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OSHO Online Library   »   The Books   »   Reflections on Khalil Gibran's The Prophet
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Chapter 10: When You Give of Yourself

Twenty-five centuries have passed and the East has not been able to produce another Buddha. Why? - a tremendously misunderstood logic. The rich man - and only a rich man - can ask, “Teach us of giving.” A poor man can only ask, “Teach us of getting.” In other words, as long as you are asking for more and more, you are poor.

The day the awakening happens to you that this insane idea of getting more and more is not leading you anywhere and your life is slipping out of your hands, then only the question has an authenticity:

Teach us of giving.
And he answered:
You give but little when you give of your possessions.

The words of Kahlil Gibran should be written in pure gold. If you are thinking of giving your possessions, there is not going to be a revolution in your life. Think of giving up your very desire for possessiveness. Possessions are not a problem: you can live in a palace, the palace is not going to disturb you. The palace is not even aware of you. The problem is, “It is my palace!” That possessiveness has to be given up; whether you give up the palace or not is irrelevant.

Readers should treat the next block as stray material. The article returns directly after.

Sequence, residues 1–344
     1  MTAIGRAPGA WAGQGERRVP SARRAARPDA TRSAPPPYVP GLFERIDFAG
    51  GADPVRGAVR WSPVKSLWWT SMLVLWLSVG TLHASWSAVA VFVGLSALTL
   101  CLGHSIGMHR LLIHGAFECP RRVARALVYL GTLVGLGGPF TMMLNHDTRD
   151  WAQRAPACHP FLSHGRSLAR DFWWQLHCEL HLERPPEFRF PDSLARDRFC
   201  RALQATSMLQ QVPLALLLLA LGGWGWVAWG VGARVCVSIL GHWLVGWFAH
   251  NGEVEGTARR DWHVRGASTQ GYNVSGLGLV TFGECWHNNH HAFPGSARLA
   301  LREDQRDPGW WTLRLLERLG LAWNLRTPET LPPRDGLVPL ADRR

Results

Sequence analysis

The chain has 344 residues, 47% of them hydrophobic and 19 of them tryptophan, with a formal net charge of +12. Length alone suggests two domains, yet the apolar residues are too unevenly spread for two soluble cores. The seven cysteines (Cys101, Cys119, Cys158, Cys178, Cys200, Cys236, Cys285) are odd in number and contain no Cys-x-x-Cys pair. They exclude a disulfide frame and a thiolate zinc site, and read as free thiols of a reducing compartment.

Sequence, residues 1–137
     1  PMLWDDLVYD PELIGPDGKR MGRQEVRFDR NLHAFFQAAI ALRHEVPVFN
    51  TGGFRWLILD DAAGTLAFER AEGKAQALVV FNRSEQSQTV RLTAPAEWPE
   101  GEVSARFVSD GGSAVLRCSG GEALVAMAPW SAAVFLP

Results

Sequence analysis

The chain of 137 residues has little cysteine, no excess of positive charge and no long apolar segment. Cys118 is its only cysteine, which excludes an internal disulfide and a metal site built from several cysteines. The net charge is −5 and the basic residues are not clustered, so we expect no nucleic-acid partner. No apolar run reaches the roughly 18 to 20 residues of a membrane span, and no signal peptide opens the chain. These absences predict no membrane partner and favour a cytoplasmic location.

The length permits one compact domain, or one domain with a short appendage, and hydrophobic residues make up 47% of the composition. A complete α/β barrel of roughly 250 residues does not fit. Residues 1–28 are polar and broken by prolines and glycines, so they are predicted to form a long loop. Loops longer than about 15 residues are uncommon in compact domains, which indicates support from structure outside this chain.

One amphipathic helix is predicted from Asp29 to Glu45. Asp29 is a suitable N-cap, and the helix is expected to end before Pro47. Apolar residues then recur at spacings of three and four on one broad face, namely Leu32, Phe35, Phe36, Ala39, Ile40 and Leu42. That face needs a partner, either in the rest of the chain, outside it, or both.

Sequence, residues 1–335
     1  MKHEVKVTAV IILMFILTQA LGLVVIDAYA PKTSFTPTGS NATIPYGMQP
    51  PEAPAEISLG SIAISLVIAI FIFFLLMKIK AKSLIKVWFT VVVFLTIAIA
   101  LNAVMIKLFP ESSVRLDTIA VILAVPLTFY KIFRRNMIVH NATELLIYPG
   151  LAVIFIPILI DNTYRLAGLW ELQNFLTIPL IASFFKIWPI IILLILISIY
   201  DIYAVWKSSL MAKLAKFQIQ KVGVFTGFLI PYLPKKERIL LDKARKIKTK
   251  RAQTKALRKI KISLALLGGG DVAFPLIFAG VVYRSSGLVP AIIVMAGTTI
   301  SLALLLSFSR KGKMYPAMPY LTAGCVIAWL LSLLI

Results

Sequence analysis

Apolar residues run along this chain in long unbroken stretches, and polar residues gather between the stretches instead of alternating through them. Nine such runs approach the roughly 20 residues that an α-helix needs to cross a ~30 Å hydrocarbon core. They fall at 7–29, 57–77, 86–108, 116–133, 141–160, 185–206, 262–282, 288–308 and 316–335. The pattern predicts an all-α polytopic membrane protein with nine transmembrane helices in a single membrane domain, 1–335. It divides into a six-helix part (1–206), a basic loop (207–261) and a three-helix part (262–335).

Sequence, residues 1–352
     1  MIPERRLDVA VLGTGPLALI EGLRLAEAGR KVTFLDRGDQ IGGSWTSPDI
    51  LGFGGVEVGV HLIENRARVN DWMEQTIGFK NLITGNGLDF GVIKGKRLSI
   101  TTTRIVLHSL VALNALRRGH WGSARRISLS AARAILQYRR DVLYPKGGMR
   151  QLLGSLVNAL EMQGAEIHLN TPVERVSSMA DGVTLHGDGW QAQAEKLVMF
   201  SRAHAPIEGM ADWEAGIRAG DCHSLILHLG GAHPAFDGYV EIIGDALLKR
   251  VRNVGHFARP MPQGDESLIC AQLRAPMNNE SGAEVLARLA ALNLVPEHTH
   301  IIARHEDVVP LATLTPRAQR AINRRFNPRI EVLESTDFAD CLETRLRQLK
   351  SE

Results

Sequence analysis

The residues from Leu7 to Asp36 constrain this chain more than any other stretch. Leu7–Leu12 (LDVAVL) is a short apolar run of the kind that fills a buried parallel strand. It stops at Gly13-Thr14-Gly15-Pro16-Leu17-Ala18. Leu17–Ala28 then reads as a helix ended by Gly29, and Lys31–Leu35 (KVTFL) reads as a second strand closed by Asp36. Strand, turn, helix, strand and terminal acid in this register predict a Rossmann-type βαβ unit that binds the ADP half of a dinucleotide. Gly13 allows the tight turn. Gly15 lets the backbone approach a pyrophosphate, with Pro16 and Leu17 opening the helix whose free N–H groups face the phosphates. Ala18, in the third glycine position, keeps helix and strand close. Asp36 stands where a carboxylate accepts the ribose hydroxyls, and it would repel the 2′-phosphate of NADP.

You give but little when you give of your possessions.
It is when you give of yourself that you truly give.

Ambition is the way of the ego. It makes you more and more yourself.

It happened: The first prime minister of India, Pandit Jawaharlal Nehru, had gone to the West for a Commonwealth meeting. His number two in the cabinet was Maulana Abul Kalam Azad. He was given the number two position not because of any special quality, but because he had political power in his hands. The Mohammedans had divided into two: the majority was following Muhammadali Jinnah and asking for a separate land, Pakistan. Maulana Azad remained with the Nationalist Congress, and because of his religious scholarship - a maulana is the highest degree as far as Mohammedans are concerned - and because of him, a great number of Mohammedans were not following Muhammadali Jinnah.

Maulana Azad was a great orator, but he knew only Urdu, Arabic. And it is a strange craziness of human beings: the thing that you cannot understand, you think must be of a very high order. All the priests of the world have tried that. The rabbi will speak in Hebrew and the Jews are impressed, although they do not understand anything of it. Translated, it is rubbish. I always have the feeling that the word rubbish must have come from rabbi, I cannot find any other source. The Hindu pundit will speak in Sanskrit. Neither you know what it means nor perhaps does he know what he is repeating, because translated, it looks so stupid.

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